By Ted Kleine
Khaim Pinkhasik was born in 1940, the Year of the Dragon. This year will also be the Year of the Dragon, and a few weeks ago an Indian man in a turban walked into Pinkhasik's glass-mosaic studio and told him, "The karma in February is going to start--you're going to get work, you're going to be famous. For many years you were doing bad, but in 2000..."
Pinkhasik readily admits that few people visit the Pinkhasik Art Studio, at 2620 N. Halsted. On a day in mid January a Russian friend comes to talk in the morning. In the afternoon there's the mailman and a guy who wants to wash the windows. Passersby admire Pinkhasik's work--a glowing orange tiger, a copy of an Erte painting made of hundreds of shards of glass--but they don't come in.
He'd been told Lincoln Park was a wealthy neighborhood, a neighborhood of art lovers. But in the eight months he's been there he's had only a few commissions. He's been working on a "zoo," a mosaic of animals, just to keep his hands busy--slicing and pasting glass while listening to Russian folk music on an old cassette player. "I am not interesting to get money, only money," he says in a heavy Russian accent. "This is my food. For a human being, food. For me, glass. I'm not a regular person. I know this with my art. Italian masters come to me, they say, 'He paint with glass.'" On the wall of his studio is a stunning triptych of a slave market in the American south, which he did at the request of a black art dealer.
Perhaps this will be Pinkhasik's magic month. Three of his works will soon be on display in the Smith Museum of Stained Glass Windows, which is opening February 11 at Navy Pier. Two were inspired by fairy tales Pinkhasik heard from his grandmother growing up in the Soviet Union. One shows Father Frost "bringing snow and wind and all kinds of shit with his magic stick" while his granddaughter, the beautiful Snow Girl, gathers round her a fox and an owl, a wolf and a deer. The second shows a bee that moves into a little house in the woods and then is followed by a dragonfly, a fox, a wolf, and finally a bear that destroys the house. The other work is a Chicago Bulls logo.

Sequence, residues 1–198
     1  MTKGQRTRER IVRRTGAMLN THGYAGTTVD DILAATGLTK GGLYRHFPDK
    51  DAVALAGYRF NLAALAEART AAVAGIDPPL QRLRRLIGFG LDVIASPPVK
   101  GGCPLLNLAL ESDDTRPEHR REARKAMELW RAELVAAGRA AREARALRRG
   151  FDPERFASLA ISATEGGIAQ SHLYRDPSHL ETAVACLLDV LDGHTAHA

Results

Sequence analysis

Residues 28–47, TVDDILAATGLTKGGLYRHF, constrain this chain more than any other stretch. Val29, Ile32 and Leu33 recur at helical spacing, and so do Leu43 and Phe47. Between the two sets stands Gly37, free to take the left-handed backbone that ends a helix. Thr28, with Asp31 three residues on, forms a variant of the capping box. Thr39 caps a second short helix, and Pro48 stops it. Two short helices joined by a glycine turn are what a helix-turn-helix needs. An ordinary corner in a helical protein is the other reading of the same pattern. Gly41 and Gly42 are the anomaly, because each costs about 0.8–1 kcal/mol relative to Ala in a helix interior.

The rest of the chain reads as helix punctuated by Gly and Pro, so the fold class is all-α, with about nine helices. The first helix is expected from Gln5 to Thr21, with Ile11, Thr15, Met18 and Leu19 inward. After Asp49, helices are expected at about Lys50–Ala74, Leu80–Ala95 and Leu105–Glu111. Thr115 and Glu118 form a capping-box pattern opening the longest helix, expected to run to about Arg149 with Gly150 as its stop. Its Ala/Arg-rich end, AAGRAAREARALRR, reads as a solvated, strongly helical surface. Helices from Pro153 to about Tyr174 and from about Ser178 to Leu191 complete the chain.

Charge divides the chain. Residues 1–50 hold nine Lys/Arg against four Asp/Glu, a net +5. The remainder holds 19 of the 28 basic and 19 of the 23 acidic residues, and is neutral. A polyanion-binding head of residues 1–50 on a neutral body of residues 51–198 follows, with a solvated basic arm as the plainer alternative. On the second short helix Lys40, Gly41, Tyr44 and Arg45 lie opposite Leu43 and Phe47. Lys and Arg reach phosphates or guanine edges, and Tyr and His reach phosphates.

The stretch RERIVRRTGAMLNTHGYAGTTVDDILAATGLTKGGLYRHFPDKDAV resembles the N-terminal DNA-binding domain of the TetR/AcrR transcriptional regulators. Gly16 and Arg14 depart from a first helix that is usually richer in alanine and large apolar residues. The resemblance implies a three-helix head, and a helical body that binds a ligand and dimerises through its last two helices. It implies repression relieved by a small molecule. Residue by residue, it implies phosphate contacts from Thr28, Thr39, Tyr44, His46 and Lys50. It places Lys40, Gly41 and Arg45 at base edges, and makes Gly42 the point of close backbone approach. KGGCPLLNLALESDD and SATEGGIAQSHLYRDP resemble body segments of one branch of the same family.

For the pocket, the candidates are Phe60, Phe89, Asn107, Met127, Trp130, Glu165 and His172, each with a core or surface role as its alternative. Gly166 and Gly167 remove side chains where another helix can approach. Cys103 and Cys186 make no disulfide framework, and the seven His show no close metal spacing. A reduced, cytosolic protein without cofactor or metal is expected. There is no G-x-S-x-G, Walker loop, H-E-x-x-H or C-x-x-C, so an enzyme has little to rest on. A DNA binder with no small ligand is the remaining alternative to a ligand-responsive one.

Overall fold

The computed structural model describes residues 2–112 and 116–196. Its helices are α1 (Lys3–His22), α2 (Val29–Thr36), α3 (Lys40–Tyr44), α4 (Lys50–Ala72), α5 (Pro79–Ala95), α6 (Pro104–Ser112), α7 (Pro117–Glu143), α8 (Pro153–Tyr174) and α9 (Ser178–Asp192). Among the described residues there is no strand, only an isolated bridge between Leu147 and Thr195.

The museum's founder, E.B. Smith, a stained-glass collector from Long Grove, discovered Pinkhasik six years ago. "I thought there was wonderful craft, an enormous amount of work," he says. "There are just thousands of pieces. I think he has a wonderfully original vision rooted in his childhood in Russia."
Stained glass is typically made of painted, often large, pieces of glass held together with leading. But Pinkhasik glues colored glass--often hundreds of small shards--onto clear panes. "It's amazing anybody would take the time to do it," Smith says. "Most artists don't want to put the effort in."
Pinkhasik was a small boy in Minsk during World War II. One day he was walking past the fence that surrounded a camp holding German prisoners, and a soldier called to him and asked for some flour. Pinkhasik stole some from home, and later the soldier rewarded him with a glass mosaic made of broken bottles glued to wood. "He mixed the flour with hot water to make a paste for the glass," says Pinkhasik. "The guy, he did mosaic. He would break the bottles. I like it very much, his creations. I like it very much on a piece of wood. I'm a little boy. I'm very attached to this. Nobody was interesting in these little things, only me. After school I start working with little bottles. I am finding window glass in the garbage. I paint it with oil paints."
Years later Pinkhasik found work as a tool-and-die maker, but "something is attaching me to let me go back and do mosaic." He says he eventually managed to build a "beautiful life" as an artist. He got a commission from a museum dedicated to the revolution, for which he did huge wall panels of soldiers fighting the German invaders, of farmers holding aloft sheaves of wheat, and of the face of Lenin looming over a red map of the USSR. "I did 29 walls [of Lenin] in Belorussia, in public buildings and many stores. Everybody in Russia believes in Lenin. They love him. This is our father, our god. Behind the stage of a nightclub I'm going to put a wall of our father, of Lenin. They open up the curtain. It was perfect--come to life. But I'm tired of doing it so many times--Lenin, Lenin, Lenin. I was thinking, here's the lips, here's the eyes, and now I'm going to put shit for brains. I was thinking very negative."